So desperately does he desire to save us that he offers his very life in ransom for us.  This just Abel does more than offer the fruit of his labor; he offers the blood in his veins.  This modern day Melchizedek, offers more than bread and wine; He offers his body and blood.  This God does not send an angel to spare his only-begotten Son, but gives him up to be offered for us on Calvary hill.  This innocent lamb is the priest and the victim, the giver and the gift, offers the perfect sacrifice of love unto death, death on a cross.

Which leads us to the five first words of Christ in John’s account of his Blessed Passion.

It’s the middle of the night.  And before an enormous crowd of temple police and soldiers, storming the Garden where he is at prayer, Jesus goes out to meet them armed with five words: “Who are you looking for?”

He says the same to us this Friday afternoon.  Who are you looking for?  
And each one of us can answer him.

  • A young teenager might say, I’m looking for someone to inspire me. someone to make sense of my life…to lead me, advise me, and guide me to be happy and successful and content.

  • The old man is looking for someone to take away the pain of his body and the loneliness of his soul.  Someone who can remove the fear that gnaws at him every time he loses one more thing, every time he thinks  of getting sicker and dying.  

  • Another one is looking for someone to take away the guilt which he’s carried on his back like a bag of bricks for so many years.  It was stupid and wrong and sinful, and he’s never been able to forgive himself…he needs someone to lift those sins off his shoulders.

  • And then there’s the young mother who is looking for someone to watch over her kids or maybe lighten her load, as she works three jobs, one for each kid.  She’s looking for someone who will help her to sleep all night without waking up worrying about the next day’s burdens.

  • And then there’s that guy who is looking for someone to answer all those questions he has about life…and to show him how to solve the problems of the world…to feed the poor, and heal the sick, and end the violence which he knows makes no sense.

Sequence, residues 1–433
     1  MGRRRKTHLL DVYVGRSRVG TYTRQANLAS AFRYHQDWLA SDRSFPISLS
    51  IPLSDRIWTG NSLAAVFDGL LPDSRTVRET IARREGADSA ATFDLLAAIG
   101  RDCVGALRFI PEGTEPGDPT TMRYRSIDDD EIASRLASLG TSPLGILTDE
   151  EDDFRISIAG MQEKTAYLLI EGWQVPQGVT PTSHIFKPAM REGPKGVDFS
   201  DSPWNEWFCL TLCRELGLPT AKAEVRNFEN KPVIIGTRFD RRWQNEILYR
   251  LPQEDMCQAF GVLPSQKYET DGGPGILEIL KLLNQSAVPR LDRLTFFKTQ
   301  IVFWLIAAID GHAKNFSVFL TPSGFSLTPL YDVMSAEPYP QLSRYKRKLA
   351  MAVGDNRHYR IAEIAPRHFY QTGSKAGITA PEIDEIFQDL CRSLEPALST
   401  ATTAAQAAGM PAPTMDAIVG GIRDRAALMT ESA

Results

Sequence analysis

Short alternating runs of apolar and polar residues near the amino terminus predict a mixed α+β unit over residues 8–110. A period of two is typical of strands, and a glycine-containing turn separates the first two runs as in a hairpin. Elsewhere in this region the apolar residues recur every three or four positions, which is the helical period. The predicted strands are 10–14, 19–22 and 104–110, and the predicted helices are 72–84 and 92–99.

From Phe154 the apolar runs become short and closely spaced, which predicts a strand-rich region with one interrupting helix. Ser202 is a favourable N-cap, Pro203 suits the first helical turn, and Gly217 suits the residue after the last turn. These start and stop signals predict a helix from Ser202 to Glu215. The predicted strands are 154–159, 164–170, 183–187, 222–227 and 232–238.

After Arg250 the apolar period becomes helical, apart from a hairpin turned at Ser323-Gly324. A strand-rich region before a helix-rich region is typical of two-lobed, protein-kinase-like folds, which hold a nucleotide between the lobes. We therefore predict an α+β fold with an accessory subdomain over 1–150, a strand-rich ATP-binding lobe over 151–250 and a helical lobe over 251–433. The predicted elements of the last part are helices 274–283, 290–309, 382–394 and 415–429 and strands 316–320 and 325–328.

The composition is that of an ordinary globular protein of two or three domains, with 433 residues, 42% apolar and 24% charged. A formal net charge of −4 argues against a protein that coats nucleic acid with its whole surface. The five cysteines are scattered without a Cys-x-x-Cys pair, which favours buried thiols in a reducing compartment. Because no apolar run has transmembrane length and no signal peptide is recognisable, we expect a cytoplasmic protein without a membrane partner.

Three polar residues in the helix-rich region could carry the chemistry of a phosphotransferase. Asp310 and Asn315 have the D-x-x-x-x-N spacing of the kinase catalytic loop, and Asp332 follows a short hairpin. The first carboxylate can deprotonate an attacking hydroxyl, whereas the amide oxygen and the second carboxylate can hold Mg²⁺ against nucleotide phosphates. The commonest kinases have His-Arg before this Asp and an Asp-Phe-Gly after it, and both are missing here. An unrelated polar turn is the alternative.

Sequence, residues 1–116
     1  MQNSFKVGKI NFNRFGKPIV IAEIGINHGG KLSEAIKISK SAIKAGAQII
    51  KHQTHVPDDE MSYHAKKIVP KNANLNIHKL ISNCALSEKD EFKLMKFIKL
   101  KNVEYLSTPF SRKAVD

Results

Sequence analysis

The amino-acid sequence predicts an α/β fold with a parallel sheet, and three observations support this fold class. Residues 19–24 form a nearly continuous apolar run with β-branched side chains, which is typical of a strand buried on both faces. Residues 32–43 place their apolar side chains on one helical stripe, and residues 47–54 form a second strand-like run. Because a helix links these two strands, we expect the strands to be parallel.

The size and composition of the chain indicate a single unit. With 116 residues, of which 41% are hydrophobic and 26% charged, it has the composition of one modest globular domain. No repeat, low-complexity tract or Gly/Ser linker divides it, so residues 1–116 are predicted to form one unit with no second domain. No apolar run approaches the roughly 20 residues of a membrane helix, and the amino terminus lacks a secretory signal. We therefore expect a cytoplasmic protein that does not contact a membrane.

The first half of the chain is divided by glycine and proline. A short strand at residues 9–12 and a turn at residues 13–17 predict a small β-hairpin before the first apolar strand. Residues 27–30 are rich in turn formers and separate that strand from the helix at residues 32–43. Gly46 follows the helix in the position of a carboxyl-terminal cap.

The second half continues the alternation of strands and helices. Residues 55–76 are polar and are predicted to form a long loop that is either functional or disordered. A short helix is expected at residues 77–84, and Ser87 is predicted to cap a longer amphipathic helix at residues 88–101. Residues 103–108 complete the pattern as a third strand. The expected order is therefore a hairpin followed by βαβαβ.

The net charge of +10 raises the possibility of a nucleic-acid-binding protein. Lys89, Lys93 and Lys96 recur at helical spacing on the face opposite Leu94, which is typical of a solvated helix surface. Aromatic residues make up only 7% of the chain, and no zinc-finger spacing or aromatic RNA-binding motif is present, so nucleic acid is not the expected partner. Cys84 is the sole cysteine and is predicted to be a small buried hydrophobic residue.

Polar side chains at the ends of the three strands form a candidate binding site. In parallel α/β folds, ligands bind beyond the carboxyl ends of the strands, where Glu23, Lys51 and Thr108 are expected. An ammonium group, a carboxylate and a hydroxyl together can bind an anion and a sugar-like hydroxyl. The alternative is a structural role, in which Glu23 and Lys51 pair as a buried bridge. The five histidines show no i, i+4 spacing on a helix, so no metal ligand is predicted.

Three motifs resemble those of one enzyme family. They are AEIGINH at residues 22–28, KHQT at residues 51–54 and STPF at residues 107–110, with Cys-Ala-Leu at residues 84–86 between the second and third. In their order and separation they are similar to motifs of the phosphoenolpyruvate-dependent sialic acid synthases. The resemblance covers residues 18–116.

• There’s the accomplished businessman, who has all the money he needs, but feels strangely empty inside,

  • And there’s the alcoholic, at the bar down the street who’s fallen into his bottle for the umpteenth time,

  • And the middle aged woman whose breast cancer is back and needs a miracle

  • And the guy who’s been dumped again and feels desperate and alone, and needs someone to love him…

  • And each one of us….

Look deep in your heart, my fiends, and hear Jesus’ voice asking you today: Who are you looking for?

Whomever you seek…whatever the pain of your heart that cries out to heaven…the one who has been seeking you down every alley and detour hangs from the cross for you today.
  • He hangs there dying, to teach us how to live.

  • He hangs there rejected, to teach us how to love.

  • The nails, filed sharp by our sins, piece the wrists of his body.  But we are forgiven by him, for we know not what we do.

  • The crown of thorns, pierces his flesh, but the blood that drips down cleanses all it touches from darkness and sin.

  • From his side, pierced by the lance of our selfishness, blood and water flow out, not as a harbinger of death, but as the beginning of newness of life.  For those who are baptized in that water will never die.  And those who drink of that blood will live forever.

  • By his blessed passion upon that cross, by his suffering, we are healed of every brokenness, freed of every sin, and the bonds of death are, once and for all, broken.

Who are you looking for? You are looking for the Shepherd who has been looking for you, the Christ, the Son of the Living God: Who by his holy cross, has redeemed the world.

Monignor James P. Moroney
Saint John’s Seminary